“We recognize before the international community, the Honduran people, and the family of Vicky Hernández, the responsibility of the Honduran state in the events that led to her death,” President Xiomara Castro said on May 9.
Vicky Hernández, a trans woman, sex worker, and activist with trans rights group Unidad Color Rosa was killed in San Pedro Sula in June 2009 during a military coup. In 2012, Cattrachas Lesbian Network, a Honduran LGBT rights organization, filed a petition before the Inter-American Commission on Human Rights on behalf of the family to hold the state responsible for her murder.
The commission submitted the case to the Inter-American Court of Human Rights, which in March 2021 found Honduras responsible for Hernández’s killing.
The court found a violation of the right to life based on the fact that police harassed Hernández hours before she was killed and, due to the coup, the military and police had effective control of the streets on the night she died. The court also noted the violence lesbian, gay, bisexual, transgender, and intersex (LGBTI) people faced in Honduras at the time Hernández was killed and the prevailing impunity for such acts.
The court also found that Honduras violated the right to life because the authorities did not comply with their obligation to effectively investigate Hernández’s death, as Human Rights Watch argued in an amicus brief submitted to the court in November 2020.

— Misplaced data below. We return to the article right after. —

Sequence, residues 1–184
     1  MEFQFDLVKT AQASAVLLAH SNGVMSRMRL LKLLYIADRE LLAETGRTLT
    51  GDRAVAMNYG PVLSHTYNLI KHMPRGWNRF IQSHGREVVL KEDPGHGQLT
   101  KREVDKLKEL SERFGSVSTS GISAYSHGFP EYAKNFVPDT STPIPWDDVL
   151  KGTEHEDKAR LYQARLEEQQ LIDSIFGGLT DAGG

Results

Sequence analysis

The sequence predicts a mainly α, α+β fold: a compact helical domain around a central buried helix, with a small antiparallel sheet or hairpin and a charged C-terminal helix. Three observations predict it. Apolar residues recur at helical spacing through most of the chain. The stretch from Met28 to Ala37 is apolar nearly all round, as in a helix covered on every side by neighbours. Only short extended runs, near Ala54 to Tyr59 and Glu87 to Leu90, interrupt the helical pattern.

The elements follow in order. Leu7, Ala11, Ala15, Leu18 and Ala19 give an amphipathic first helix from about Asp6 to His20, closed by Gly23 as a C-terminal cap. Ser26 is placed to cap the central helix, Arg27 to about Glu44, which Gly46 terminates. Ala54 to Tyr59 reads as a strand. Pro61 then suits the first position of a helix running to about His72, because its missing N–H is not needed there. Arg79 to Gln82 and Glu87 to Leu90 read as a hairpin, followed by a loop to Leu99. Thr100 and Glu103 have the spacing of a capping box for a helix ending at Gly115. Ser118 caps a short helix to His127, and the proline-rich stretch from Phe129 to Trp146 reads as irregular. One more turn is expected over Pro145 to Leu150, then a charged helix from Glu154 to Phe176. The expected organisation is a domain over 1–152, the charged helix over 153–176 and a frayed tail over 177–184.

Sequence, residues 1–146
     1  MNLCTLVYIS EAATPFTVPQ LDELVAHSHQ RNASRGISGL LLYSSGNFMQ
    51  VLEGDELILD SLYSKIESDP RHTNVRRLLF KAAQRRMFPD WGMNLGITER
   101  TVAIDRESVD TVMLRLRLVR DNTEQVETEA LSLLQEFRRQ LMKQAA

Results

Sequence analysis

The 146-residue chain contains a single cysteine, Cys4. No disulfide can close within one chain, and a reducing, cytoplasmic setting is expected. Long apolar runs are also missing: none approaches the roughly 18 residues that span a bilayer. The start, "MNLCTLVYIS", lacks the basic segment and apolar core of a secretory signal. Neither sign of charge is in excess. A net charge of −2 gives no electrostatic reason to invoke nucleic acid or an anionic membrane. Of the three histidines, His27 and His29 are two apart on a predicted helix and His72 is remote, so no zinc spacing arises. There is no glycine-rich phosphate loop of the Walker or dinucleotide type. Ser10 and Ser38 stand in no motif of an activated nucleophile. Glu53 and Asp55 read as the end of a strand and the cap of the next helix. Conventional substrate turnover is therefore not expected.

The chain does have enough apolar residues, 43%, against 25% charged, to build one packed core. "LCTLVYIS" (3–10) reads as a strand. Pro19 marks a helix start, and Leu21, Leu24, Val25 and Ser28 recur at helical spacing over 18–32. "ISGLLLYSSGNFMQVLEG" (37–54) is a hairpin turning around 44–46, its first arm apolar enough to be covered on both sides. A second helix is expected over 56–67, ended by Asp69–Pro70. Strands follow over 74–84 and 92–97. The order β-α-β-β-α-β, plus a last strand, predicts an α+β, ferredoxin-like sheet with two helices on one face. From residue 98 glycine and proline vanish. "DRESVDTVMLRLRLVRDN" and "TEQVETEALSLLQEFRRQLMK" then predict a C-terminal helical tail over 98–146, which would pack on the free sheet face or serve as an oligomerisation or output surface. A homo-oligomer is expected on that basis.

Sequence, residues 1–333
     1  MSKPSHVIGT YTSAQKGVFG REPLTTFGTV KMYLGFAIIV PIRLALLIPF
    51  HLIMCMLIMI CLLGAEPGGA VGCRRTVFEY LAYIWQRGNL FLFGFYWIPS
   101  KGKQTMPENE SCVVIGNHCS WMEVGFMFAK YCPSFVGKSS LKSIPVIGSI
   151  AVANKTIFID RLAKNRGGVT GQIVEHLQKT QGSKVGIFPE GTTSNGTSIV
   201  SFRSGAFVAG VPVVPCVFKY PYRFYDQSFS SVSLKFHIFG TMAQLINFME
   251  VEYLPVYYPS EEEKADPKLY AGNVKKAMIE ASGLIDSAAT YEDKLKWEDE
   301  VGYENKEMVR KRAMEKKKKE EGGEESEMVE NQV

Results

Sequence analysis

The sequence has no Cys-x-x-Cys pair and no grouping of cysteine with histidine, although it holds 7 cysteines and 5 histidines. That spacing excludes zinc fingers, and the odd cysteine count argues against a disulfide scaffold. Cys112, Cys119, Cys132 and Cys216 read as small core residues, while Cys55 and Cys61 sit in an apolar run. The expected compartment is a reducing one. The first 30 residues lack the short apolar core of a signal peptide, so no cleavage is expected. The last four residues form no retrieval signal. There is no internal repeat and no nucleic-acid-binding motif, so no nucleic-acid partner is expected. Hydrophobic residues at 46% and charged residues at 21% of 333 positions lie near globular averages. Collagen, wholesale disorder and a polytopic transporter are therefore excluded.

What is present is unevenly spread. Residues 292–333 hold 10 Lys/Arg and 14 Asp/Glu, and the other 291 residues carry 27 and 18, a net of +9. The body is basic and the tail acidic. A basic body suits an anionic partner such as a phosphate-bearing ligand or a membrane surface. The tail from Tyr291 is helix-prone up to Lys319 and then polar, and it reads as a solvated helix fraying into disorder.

President Castro, who took office in January, made trailblazing commitments to implement the court’s ruling. She committed to creating a legal gender recognition procedure in Honduras that will allow transgender people to modify their legal documents to reflect their gender identity. This will go a long way to address the risk of discrimination that many transgender people face because of a mismatch between their gender and the gender marker on their official documents.
Castro also undertook to continue the investigation into Hernández’s murder and agreed to comply with other aspects of the court’s ruling, including implementing LGBTI awareness trainings for security forces and a protocol for criminal investigations in these cases, and improving data collection in cases motivated by anti-LGBTI bias.
Honduras has taken a notable step forward in recognizing the rights of transgender people and contributing to a more just and equitable society. Countries in the region lagging on trans rights should take note.